Single board computers are small circuit boards that have all the components necessary to function as a complete digital computer. We do not see them often and when we do, we have a hard time recognizing them. However, most of us must have used a single board computer in one form or another. These components are often embedded in cell phones, fax machines, GPS receivers and other electronic products that make use of computer technology.
Electronic products are not the largest market for single board computers. They find wider use in industrial applications. Such computers are called industrial single board computers, or simply industrial computers. They are used for a variety of industrial functions. Most of these computers are embedded in industrial machines that perform complex tasks, while others are arranged in a rack-mount format and are used for data acquisition and processing, as well as in product research and development.
Industrial single board computers are different than your regular home or office desktop computers. They are even quite different from other single board computers embedded in electronic products. These differences are dictated by their industrial functions. Industrial single board computers are usually designed to perform a solitary task, unlike desktop computers that are for multitasking. Because they are used in industrial processes, industrial single board computers are specifically designed to withstand various industrial factors such as shocks, vibrations, humidity, electromagnetic interference, radio frequency interference, dust, flash and mist.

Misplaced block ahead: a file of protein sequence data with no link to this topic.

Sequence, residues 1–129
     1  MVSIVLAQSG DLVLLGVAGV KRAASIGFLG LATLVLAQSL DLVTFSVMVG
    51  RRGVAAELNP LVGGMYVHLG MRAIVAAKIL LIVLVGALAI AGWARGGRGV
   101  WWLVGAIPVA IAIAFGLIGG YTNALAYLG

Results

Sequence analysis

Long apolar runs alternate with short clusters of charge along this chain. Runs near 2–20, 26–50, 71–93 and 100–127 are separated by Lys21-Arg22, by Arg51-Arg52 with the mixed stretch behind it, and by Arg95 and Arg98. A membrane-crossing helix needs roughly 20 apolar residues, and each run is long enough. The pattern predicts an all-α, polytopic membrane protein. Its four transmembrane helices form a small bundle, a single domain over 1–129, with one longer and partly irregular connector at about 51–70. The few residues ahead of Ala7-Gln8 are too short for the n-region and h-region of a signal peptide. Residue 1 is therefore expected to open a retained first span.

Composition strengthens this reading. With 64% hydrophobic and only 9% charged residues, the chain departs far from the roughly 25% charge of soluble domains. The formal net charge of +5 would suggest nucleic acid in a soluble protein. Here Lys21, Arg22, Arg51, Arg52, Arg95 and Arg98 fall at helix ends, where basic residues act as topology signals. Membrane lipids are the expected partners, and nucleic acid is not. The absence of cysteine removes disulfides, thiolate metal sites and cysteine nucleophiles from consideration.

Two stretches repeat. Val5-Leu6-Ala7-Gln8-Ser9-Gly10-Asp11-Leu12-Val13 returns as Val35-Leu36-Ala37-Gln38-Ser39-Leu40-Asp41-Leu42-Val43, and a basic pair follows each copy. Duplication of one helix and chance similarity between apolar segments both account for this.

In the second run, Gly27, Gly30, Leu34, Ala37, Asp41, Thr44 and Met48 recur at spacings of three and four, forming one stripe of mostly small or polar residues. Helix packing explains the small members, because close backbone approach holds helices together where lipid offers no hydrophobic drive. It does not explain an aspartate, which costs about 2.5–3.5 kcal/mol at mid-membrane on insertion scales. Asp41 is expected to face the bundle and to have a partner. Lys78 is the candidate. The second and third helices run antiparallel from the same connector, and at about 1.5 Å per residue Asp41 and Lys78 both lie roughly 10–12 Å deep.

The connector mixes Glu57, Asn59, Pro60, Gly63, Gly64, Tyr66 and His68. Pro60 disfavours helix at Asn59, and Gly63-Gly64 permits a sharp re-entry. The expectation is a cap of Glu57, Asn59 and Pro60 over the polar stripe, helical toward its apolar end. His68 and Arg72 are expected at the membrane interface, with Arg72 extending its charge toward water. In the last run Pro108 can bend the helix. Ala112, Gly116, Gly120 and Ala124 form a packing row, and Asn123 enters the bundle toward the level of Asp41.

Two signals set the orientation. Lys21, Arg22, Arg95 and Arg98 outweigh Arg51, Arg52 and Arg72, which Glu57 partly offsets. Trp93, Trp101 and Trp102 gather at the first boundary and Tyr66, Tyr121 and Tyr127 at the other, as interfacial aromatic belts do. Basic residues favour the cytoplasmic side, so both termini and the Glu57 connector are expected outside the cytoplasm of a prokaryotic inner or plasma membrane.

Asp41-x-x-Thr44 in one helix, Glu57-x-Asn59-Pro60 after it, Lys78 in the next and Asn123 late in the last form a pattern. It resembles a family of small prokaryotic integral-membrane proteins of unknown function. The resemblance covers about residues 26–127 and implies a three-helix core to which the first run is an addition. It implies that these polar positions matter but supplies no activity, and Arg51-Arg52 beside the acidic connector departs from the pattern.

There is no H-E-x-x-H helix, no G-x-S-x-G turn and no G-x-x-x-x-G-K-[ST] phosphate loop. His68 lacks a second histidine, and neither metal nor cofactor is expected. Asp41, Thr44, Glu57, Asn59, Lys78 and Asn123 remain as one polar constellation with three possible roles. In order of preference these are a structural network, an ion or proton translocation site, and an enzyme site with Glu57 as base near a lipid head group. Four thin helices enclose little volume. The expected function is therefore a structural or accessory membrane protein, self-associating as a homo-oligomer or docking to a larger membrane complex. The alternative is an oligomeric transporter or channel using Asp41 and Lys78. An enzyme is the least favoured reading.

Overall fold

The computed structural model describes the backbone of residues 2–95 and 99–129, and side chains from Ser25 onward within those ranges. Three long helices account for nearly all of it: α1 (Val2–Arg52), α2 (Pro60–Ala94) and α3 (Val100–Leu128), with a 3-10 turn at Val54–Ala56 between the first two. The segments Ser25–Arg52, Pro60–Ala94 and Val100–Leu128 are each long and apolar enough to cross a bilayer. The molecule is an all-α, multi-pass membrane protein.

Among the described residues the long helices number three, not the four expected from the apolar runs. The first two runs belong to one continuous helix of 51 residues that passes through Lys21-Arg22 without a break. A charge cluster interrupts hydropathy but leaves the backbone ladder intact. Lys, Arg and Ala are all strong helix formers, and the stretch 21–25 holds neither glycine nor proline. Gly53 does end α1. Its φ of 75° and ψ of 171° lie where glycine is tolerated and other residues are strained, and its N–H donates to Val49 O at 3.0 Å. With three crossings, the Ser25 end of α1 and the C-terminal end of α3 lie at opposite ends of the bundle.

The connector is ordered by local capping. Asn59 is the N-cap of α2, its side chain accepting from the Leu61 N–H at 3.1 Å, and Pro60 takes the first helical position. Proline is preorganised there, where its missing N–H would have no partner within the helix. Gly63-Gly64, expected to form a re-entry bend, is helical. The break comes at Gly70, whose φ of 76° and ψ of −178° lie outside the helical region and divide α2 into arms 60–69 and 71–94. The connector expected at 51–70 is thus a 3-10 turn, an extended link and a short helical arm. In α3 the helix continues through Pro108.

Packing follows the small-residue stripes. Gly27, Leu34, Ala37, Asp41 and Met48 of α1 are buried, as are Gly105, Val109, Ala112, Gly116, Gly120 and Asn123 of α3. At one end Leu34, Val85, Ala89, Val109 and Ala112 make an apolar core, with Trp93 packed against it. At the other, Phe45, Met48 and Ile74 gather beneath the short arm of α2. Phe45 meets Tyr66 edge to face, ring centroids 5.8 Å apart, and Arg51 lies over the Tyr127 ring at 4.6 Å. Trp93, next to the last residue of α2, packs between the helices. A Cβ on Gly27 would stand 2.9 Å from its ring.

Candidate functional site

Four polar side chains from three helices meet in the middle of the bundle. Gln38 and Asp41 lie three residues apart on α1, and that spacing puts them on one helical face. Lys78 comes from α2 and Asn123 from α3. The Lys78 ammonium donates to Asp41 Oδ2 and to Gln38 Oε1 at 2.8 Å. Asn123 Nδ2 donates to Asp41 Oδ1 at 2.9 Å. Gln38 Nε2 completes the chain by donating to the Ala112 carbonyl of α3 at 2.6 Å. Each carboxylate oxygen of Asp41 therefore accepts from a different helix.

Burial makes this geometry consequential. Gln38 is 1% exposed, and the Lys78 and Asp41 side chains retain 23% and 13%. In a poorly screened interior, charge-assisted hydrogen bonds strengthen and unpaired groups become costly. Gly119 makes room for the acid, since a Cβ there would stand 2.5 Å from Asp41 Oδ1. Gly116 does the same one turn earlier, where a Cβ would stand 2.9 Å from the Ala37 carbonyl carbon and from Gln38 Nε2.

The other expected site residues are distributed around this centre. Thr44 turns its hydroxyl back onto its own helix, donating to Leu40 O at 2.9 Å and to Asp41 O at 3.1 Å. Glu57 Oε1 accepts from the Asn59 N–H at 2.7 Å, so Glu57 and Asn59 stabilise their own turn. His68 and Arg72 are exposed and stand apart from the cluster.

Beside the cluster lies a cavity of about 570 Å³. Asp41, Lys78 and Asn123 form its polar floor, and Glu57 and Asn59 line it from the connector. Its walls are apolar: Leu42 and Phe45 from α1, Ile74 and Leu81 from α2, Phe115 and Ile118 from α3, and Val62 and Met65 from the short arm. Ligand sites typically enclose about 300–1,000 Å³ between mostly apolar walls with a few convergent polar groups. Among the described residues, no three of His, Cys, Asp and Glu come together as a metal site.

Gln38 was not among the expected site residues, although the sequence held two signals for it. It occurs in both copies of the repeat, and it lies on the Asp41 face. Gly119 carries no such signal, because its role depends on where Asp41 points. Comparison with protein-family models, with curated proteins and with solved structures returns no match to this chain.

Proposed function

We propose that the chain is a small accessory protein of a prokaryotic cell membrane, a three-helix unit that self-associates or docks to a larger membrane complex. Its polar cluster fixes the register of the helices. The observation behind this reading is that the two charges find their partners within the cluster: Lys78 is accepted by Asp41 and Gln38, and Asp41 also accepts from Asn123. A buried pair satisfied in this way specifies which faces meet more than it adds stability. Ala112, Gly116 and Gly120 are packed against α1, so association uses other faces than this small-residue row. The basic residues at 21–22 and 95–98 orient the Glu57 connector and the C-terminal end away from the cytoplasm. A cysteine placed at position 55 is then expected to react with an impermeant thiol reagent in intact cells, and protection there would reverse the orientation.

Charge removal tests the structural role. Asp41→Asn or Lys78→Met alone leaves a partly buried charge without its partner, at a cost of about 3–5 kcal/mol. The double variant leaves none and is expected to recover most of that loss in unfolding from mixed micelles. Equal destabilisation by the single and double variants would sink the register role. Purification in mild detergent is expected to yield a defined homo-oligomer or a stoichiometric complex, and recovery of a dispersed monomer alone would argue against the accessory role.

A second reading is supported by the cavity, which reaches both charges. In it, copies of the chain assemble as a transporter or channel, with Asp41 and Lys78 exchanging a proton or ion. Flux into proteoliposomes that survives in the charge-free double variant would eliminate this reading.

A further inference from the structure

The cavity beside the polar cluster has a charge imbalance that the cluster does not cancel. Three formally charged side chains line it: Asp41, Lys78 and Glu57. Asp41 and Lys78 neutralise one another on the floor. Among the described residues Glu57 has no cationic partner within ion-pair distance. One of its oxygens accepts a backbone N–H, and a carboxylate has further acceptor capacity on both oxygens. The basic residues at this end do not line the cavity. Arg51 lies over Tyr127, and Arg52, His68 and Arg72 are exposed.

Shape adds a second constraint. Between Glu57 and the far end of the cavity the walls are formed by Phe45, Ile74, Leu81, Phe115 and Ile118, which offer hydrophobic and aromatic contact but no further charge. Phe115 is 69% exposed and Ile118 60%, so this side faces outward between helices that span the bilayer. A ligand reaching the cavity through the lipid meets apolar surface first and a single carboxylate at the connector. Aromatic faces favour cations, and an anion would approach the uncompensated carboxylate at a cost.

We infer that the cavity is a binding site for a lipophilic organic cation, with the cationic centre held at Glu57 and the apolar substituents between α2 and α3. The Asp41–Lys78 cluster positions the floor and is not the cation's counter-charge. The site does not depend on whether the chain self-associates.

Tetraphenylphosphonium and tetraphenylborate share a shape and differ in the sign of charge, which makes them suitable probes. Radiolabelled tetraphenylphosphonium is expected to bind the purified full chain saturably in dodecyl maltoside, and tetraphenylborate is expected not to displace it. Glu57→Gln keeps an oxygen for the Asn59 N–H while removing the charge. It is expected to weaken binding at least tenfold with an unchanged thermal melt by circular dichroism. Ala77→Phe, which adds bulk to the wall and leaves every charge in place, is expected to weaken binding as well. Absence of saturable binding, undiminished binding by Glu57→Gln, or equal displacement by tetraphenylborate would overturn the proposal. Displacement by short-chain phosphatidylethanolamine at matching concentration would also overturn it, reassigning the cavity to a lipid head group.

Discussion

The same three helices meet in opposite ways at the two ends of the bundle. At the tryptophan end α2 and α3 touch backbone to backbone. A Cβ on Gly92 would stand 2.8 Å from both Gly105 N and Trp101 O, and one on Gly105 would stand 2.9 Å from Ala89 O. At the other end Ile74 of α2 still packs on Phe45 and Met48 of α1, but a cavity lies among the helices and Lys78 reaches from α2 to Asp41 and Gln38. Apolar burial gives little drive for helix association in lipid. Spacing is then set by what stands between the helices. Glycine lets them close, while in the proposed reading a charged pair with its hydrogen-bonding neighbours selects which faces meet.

Looking at the history, most industrial single board computers were initially manufactured in-house or by companies that use them. There are several reasons for this. First, industrial single board computers are often used for company-specific applications, so companies find it more practical to hire engineers to manufacture their own single board computers m rather than let another company manufacture single board computers for them.
Another reason is the lack of standards for single board computers, so the development in a particular single board computer does not necessarily affect other single board computers. Everything changed, however, when PCs began conquering the computer world. Shortly after the PC dominated the computer scene, standards for single board computers started to appear. These standards gave rise to the creation of off-the-shelf single board computers that conform to particular standards and can be programmed to perform specific tasks.
Because these single board computers cost less and are usually updated with new technologies, many companies have opted to use them rather than develop their own industrial single board computers. Some companies still opt for custom single board computers and purchase them from manufacturers rather than develop them in-house.
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